Excerpt from Psychagogy: The Dance of the Fulcrum

Alexis Crawshaw

Excerpts from Psychagogy: The Dance of the Fulcrum and Kroumatograph

The Dance of the Fulcrum is a performative excerpt and Kroumatograph is an installation component from a project in progress, Psychagogy. The overall work, meaning “the leading of souls” in ancient Greek, is both a transmedia song cycle and installation. The whole work explores musical experience and form as a function of both time and space. During the performative portion, as voice, piano, and electronics sound, two dancers— Maud Watel-Kazak and Tim Wood— engage in the art of sculpting music with the body. Using visual projections from a VR head-mounted display worn by one dancer and a real-time 3D spatial virtual drawing tool controlled by the other dancer, the two explore the space between music and sculpture, the actual and the virtual, the permanent and the ephemeral. In the second half, the audience is invited to explore a 3D-tracked environment brought alive with a both a grid of interacting standing waves and a grid different thermal and olfactory currents.

Through 3D-spatial trackers and sensors on the piano, moving strings and moving people algorithmically modulate the transmodal environment temporally in turn, uniting spatial and temporal elements into continuous, spatiotemporal musical expression.

Blending mythology, philosophy, and the avant-garde through algorithms:

Thematically, the whole work heavily explores social relationships and spatiotemperality through a poetic interpretation of the gift exchange between Apollo and Hermes in the Homeric Hymn to Hermes, particularly focusing on the relationship between the lyre (instrument of the temporal art: music) and caduceus (an instrument related to movement).

With respect to social relationships, the work examines such bonds as a means 1) to better "know thyself" through the contrast of the self and other and 2) to co-encourage ethical growth, as per Aristotle’s chapter on friendship in his Nicomanchaen Ethics. One way that this is expressed is through a spatially-tracked dance in which the spatial movements of the dancers have the potential to algorithmically generate more interesting musical changes to an electronic musical component. These changes depend on the proximity of the dancers, how well they respond to one another, and how ambitious they are in experimenting with their movements. As such, through this algorithm, the dancers are musically guided and incentivized to strengthen their bond to one another as well as to strengthen their individual abilities as dancers.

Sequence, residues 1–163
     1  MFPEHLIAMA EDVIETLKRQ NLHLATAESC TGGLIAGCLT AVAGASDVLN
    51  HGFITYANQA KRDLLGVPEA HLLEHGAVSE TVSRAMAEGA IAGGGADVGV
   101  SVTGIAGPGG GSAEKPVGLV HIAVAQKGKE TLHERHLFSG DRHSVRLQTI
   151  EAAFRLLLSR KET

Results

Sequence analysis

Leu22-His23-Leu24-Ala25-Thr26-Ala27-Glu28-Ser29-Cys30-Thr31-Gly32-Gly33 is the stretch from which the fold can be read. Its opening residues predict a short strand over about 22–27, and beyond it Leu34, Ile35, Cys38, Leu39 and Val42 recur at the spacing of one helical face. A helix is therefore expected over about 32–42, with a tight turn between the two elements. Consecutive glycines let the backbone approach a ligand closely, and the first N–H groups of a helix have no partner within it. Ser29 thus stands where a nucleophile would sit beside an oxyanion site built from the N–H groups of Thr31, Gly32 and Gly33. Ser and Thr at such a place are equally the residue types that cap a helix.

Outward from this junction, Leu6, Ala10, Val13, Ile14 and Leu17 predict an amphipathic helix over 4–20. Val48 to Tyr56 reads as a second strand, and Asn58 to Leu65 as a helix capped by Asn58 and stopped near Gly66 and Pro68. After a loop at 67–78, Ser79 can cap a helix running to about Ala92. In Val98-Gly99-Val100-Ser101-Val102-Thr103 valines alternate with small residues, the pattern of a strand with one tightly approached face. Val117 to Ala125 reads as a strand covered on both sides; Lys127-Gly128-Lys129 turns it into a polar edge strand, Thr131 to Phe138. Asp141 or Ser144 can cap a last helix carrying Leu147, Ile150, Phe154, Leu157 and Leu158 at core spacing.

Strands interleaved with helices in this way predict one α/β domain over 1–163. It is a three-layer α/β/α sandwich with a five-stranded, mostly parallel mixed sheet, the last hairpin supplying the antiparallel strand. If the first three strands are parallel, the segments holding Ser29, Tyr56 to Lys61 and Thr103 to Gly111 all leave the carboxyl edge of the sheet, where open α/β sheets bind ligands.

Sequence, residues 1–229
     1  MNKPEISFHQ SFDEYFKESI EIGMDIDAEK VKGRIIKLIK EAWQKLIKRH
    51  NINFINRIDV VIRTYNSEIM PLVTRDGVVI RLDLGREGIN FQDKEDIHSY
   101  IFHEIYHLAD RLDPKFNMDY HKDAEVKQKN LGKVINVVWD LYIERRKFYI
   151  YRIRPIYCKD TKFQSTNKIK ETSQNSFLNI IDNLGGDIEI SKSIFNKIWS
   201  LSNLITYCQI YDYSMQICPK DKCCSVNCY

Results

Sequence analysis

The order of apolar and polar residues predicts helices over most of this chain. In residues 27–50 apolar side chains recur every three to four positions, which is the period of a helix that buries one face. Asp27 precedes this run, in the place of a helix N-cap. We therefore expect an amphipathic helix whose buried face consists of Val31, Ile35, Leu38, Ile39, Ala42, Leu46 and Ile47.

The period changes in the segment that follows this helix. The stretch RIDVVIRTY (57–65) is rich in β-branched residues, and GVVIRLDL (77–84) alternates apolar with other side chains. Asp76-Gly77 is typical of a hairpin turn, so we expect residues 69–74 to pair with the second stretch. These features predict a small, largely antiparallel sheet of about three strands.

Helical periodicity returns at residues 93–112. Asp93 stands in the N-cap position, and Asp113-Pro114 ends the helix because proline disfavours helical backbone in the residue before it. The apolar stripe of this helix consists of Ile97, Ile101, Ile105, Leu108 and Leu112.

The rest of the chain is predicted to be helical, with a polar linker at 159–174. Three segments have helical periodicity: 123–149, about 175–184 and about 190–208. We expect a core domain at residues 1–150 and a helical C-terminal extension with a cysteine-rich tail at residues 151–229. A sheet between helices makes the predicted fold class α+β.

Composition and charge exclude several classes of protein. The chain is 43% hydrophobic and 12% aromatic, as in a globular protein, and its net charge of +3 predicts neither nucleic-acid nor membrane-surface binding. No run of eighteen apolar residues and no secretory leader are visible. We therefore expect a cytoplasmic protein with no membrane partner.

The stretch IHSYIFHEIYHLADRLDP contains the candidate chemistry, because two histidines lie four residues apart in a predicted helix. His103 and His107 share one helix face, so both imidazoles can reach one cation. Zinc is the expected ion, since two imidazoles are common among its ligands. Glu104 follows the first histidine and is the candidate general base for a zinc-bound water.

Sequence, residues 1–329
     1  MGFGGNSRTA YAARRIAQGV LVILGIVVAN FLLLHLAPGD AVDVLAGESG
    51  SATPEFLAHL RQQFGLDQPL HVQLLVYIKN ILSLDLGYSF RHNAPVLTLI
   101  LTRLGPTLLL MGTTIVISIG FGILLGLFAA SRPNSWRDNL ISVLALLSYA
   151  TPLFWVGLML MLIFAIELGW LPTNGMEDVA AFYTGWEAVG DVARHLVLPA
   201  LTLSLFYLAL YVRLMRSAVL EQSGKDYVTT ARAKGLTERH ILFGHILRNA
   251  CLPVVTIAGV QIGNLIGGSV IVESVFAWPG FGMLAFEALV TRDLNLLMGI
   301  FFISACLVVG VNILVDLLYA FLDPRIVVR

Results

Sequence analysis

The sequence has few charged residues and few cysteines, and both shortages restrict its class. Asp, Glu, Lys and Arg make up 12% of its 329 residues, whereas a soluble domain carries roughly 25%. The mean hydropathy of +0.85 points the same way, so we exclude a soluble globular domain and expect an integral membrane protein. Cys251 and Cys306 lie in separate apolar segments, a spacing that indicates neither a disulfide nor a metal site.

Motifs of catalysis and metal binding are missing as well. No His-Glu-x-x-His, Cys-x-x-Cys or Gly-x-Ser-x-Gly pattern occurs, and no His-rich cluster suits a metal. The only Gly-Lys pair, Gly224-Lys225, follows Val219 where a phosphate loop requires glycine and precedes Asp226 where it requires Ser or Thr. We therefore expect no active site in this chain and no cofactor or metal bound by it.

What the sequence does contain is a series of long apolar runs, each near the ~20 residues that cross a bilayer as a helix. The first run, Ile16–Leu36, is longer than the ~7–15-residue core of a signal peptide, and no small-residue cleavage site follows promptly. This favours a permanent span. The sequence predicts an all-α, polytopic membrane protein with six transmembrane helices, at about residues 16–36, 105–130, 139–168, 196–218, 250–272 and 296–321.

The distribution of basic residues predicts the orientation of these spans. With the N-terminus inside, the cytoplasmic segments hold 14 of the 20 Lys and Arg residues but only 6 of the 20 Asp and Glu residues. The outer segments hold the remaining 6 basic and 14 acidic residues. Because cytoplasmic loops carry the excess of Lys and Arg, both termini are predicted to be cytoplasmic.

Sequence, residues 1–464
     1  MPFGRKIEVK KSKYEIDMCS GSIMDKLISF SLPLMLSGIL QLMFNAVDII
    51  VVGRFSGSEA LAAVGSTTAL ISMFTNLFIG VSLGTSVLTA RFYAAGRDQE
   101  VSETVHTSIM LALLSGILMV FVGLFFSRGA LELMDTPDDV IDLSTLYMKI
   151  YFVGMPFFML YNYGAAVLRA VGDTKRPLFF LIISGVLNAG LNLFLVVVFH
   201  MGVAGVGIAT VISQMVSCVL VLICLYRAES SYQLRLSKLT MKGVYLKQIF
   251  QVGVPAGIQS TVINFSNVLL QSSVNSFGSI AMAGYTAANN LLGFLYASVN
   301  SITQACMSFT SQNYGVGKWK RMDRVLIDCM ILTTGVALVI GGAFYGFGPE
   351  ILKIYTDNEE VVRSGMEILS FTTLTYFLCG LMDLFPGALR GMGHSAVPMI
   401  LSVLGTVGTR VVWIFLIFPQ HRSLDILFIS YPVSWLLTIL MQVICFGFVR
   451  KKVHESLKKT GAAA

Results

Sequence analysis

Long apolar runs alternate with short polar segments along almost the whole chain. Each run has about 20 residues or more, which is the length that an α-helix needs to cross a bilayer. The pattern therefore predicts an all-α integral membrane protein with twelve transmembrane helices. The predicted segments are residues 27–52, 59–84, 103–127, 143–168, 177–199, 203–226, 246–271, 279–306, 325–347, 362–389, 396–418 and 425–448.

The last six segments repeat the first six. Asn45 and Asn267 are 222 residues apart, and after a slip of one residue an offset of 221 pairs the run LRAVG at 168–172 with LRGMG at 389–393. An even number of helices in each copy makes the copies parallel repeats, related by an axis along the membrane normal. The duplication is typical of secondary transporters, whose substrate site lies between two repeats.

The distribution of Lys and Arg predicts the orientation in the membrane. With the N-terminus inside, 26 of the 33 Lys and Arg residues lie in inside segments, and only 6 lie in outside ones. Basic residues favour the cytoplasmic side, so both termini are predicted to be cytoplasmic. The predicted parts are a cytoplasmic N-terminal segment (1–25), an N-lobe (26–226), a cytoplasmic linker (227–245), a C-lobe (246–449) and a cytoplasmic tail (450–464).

Spatiotemporal composition:

This new spatiotemporal approach to musical composition structures musical form cross-modally across the senses of sound, touch, kinesthesia/movement (of performers and spectators alike), vision, and olfaction. In part, the work is a dynamic, unfolding sound sculpture— a curated composite of standing wave harmonics, with each aggregate harmonic carrying its own frequency-beating polyrhythmic identifier. In this way, both pitch and rhythmic pattern are spatialized, creating a topology for participants to walk through and be guided through to experience musical variation and thus, musical form, depending on the trajectory of movement and physical displacement.

As such, the work serves as an ontological exploration of music— particularly investigating whether music can be separated from sound and whether, in the Platonic sense, it can be united with gymnastics.

Sponsored by the following UCSB entities: the Division of Humanities and Fine Arts, the Graduate Division, the Interdisciplinary Humanities Center, the Media Arts and Technology Program, the College of Creative Studies Music Composition, the College of Creative Studies Computing, the Department of Music, the Department of Theater and Dance, and the Classics Department.

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